The good news is that I lost weight. The bad news is that my lovely vintage corduroy jeans are way too big on me. They’re made out of strong and stretchy corduroy, the kind you can’t find in stores any more:
They’re a good brand, too:
What to do? Make them into corduroy pants for an active 5-year-old grandson. First up, smooth out one pants leg:
Then pin and cut out a boys’ pants pattern piece:
Do the same for the other pant leg and the other leg pattern piece. Then cut out the pocket:
Attach to the pocket piece something that makes the pants into “Superhero pants!” at the request of said grandson:
Follow pattern directions, and you have a “new” pair of Superhero pants. Front:
Then, so little sister gets something, too, make a pair of flannel Peppa Pig pants in a smaller size:
Those, of course, were not repurposed and required a trip to the fabric store for Peppa Pig flannel 🙂 Grandma doesn’t want anyone to feel left out!
I have an enormous file of patterns, torn out of magazines or photocopied out of library books, that I’ve been accumulating for many years . One of them is for a tote bag that I’ve always wanted to make.
I chose to make it for someone’s birthday, but thought I should make a test tote bag first, in case the pattern was wonky. I followed the directions, but the fat quarters I used were on the skimpy side, so when the tote bag came out long and skinny instead of almost square (as the photo of the tote bag on the pattern looked), I figured it was because the fat quarters were a little smaller than normal:
No worries, I can always use another tote bag, even if it’s so long it looks like you could store wine bottles in it (hmmm, there’s an idea….). Anyways, I chose some fat quarters for the birthday-gift tote bag, and was pleased to discover that they were the exact size they should be (18″ X 22″). I followed the pattern to the letter (it only had one illustration, so I had to read and re-read it), and here’s how it turned out:
Better, but still not square or even almost square. So I went over the pattern instructions very carefully, and came to the conclusion that there’s an error in it; there’s no way you’re going to get anything but a long rectangular tote bag out of that pattern. Lesson learned: never assume that a pattern’s directions will be right, even though most of them are. Fortunately, the recipient seemed pleased, and that’s all that counts!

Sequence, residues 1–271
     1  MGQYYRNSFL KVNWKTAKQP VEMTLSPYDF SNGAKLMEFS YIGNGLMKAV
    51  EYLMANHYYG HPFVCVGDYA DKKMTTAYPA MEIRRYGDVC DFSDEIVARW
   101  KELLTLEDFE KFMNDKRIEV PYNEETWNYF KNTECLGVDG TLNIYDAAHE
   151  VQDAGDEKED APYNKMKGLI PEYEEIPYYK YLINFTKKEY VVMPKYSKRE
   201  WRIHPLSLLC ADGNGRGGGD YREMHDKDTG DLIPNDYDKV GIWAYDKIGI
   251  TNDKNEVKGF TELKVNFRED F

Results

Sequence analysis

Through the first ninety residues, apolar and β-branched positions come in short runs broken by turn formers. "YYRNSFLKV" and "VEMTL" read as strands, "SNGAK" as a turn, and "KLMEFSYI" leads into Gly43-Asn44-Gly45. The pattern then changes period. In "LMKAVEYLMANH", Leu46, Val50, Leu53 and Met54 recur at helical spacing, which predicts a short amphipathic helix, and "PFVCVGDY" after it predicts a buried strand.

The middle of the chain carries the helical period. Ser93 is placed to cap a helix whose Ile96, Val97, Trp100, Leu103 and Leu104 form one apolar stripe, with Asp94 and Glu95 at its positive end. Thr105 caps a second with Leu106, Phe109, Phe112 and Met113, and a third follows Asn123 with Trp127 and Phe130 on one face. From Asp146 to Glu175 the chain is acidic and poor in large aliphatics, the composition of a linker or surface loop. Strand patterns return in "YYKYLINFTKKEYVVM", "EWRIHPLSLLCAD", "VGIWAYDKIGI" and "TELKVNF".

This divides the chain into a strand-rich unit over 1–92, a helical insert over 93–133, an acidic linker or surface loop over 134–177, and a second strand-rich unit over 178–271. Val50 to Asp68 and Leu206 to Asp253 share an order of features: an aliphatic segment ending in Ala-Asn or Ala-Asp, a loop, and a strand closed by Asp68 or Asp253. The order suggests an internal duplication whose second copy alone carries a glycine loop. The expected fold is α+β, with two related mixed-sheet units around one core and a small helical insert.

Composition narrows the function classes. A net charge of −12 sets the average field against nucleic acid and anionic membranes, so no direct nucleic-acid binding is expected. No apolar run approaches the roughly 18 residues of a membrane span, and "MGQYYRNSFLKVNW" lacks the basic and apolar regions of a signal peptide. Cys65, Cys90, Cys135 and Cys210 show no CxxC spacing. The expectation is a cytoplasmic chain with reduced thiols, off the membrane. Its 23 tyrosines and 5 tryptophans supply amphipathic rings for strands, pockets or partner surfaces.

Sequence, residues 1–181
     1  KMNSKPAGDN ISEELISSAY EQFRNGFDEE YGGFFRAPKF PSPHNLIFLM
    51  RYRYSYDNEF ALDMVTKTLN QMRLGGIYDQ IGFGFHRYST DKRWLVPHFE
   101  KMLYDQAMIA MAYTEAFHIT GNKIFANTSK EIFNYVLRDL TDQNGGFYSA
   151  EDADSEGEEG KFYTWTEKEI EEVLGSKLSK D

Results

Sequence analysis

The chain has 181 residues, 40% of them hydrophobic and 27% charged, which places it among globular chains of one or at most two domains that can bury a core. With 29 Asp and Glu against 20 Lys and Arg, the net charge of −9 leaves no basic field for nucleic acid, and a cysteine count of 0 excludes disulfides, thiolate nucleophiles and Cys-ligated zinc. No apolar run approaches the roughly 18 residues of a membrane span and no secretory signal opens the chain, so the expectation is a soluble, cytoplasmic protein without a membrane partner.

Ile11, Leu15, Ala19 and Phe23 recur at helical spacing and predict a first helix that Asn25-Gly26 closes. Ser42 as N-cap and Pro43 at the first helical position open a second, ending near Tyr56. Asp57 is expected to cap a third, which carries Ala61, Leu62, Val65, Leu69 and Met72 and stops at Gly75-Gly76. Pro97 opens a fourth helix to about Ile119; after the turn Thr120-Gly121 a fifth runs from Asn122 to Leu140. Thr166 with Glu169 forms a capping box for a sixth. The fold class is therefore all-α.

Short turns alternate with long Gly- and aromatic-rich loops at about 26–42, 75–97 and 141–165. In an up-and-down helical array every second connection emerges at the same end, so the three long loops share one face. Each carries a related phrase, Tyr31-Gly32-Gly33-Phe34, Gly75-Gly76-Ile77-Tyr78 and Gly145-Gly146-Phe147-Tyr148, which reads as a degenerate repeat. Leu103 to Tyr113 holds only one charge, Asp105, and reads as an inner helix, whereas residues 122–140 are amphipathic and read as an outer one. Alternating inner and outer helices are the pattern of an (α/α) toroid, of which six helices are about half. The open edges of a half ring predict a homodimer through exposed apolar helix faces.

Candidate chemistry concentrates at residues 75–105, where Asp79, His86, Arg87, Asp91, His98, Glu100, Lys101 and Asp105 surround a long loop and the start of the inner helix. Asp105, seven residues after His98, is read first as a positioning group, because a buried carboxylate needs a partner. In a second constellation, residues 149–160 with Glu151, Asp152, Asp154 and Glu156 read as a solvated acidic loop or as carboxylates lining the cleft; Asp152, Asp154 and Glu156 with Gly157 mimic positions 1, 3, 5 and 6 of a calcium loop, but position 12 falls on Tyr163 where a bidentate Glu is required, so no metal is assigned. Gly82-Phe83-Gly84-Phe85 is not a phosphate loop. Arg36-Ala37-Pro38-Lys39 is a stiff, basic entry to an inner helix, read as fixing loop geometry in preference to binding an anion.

I took a break from quilting this summer in favor of a few sewing projects. I made matching dresses for my little granddaughters that they wore when we all got together in July:
I turned some old tops of mine that were made out of very good fabric into leggings (the dark pink ones are capris) for my youngest granddaughter, using the principle of repurposing that I learned from my gram so many years ago:
Then I made Baby Girl one more pair of leggings out of some fabric I bought at a fabric sale:
It’s so much fun to make little duds! I also made some other projects that I will share in future posts. Before long, I also hope to start another quilt 🙂
It’s so much fun to make clothes for little girls; this romper is for my newest granddaughter, who is getting ready to walk soon, I think 🙂
My grandson is skinny, and his mom had a hard time finding pants that were long enough without being too loose in the waist. So I made him a pair and sent them to him. Word is they fit perfectly. Joy in this grandma’s heart 🙂 Here’s the front and back: